He said “change the world”…..and maybe there’s a way.

Sunrise at Wimbee Creek
Sunrise at Wimbee Creek

As I look back on the past 3 months of winter, by some definitions I haven’t done much. I’m ashamed to say it, but  I’ve been a couch potato for much of this winter, watching TV and reading….and lots of thinking about my artwork. And making decisions.

For some months, I’ve been questioning what the heck I’m doing taking my camera out in the woods and capturing scenes to print and sell (hopefully). Sure, I’m happy doing that, but am I really contributing anything important with my artwork? What difference is my artwork making to anyone?  I’ll probably never know the answer to that question, but at least I’m asking it. It comes from a healthy dose of self doubt.

This winter I read “Courage to Create” by Rollo May.  This book heightened my sense of what it can mean to be “creative.” May’s thesis is that all profound changes in humanity down through the ages began with feelings that arose from art, and that it was the responsibility– no, the duty–of artists to create art that changes humanity profoundly. He sets an extremely high bar for anyone who considers themselves to be a creative soul:  to “change the world.”

I wish I could change the world for the better, but I’m not sure I have that much courage.  I can be more creative in my photography, however, and perhaps begin to address that nagging concern about my art’s worth in the world.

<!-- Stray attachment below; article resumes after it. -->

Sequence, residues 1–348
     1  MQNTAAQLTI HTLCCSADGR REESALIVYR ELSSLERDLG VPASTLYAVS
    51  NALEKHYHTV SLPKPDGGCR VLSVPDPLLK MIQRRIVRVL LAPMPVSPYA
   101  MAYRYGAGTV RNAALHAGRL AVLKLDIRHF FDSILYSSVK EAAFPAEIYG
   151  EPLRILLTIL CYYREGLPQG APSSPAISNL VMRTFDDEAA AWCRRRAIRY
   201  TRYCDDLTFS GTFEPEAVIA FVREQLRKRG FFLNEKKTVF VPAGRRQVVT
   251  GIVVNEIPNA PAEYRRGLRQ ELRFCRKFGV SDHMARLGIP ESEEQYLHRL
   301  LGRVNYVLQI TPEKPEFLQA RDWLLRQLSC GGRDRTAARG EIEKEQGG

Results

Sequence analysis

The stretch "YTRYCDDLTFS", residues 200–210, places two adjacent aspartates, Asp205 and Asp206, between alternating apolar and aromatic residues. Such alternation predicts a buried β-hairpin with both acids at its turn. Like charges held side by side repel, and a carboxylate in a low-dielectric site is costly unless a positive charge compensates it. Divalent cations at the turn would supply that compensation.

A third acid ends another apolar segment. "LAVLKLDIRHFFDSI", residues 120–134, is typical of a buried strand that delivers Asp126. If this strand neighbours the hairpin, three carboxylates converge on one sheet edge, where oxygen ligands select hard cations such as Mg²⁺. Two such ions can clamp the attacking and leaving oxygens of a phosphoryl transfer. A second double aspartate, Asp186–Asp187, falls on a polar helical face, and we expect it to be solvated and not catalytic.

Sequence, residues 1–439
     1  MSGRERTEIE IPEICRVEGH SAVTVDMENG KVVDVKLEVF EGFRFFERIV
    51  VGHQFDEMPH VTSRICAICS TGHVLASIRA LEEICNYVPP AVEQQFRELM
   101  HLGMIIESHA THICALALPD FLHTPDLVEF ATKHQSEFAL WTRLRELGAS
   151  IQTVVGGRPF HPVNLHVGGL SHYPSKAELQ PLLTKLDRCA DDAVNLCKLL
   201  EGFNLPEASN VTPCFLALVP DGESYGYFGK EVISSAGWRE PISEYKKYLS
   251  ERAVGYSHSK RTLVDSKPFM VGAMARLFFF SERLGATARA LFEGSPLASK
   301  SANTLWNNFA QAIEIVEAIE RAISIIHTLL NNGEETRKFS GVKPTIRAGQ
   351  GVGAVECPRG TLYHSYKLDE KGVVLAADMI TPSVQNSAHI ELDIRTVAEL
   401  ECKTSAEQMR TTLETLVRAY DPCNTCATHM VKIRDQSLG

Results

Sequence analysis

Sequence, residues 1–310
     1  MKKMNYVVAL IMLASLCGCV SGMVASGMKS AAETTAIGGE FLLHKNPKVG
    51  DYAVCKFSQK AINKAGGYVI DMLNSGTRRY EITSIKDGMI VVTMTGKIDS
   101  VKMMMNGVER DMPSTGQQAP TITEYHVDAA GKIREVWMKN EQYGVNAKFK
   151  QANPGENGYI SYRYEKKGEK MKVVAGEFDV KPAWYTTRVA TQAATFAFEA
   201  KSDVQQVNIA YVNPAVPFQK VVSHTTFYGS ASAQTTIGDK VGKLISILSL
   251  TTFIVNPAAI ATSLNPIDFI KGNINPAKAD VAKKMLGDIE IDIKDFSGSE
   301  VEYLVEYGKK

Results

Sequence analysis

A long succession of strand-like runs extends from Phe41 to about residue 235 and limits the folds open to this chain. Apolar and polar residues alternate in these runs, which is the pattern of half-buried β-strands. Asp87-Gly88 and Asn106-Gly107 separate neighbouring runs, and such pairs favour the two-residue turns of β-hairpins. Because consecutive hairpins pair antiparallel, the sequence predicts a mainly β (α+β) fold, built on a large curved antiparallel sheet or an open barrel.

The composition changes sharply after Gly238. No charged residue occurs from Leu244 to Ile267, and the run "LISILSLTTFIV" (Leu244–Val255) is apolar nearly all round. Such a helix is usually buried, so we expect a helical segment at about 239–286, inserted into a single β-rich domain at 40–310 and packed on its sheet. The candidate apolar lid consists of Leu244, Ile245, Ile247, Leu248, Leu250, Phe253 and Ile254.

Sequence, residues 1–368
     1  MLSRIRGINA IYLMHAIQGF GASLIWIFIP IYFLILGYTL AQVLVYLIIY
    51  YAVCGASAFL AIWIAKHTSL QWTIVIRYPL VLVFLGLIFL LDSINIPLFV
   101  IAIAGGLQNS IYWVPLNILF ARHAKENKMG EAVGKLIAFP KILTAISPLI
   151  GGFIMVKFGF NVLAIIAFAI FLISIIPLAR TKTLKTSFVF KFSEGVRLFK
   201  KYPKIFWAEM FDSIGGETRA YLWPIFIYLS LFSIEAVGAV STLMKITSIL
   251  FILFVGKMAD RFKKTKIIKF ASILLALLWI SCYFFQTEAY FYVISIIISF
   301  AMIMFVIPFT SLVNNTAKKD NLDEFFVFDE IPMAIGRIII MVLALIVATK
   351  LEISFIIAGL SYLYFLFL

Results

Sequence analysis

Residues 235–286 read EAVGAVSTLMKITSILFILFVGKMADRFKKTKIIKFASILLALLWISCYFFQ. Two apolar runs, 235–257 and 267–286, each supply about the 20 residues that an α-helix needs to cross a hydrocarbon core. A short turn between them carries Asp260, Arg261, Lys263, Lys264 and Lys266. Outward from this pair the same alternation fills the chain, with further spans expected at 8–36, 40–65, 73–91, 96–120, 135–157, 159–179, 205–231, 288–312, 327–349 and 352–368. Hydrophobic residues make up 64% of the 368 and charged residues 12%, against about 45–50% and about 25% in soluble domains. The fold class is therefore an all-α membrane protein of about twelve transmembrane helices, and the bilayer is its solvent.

The photographer Minor White once said “One should not only photograph things for what they are, but for what else they are.”  Maybe that’s what I’m after….how best to reveal the “what else” in my chosen subjects.

Revealing the “what else” requires a creative mind. Photographing the “what else” requires watching a subject closely for a time–even over several days–to get to know it, to give it time to tell us something we didn’t know before. Isn’t that what a photograph is supposed to do? I think so.

The amount of time I’ve spent thinking and reading over the past several months about being more creative I hope will have long lasting impacts on my work as an art photographer. I hope you see those changes, and I hope you begin seeing more of the “what else,”  not only in my photographs, but whenever you see an image that strikes you. I hope you begin asking “what else” does the image mean? Once we start asking ourselves such questions, we’ll begin engaging in photographs more deeply, and enjoying them more, and maybe even changing what we think about the things photographs represent. Perhaps even developing a fervor for the subject that will eventually “change the world.”  Who knows?

Other News:

  • I just returned from another week in the romantic Carolina Lowcountry. I love that area of the country. I spent every night camping out of my new Ford Transit van equipped with a cot and sleeping bag, and surrounding by all four of my camera bags, tripods, film gear, and food. That way, I was able to go wherever I wanted, whenever I wanted. I thrive at being spontaneous (some would say impulsive).  I’ve developed all the film, scanned them, and am in the process of expressing the subjects the way I do. The header image “Sunrise at Wimbee Creek” is one of the first from the new series.
  • There’s still 12 days to visit my “Virginia Grist” exhibition at the George Washington University Ashburn, VA campus. Click the link to get details.

Have a wonderful Spring!

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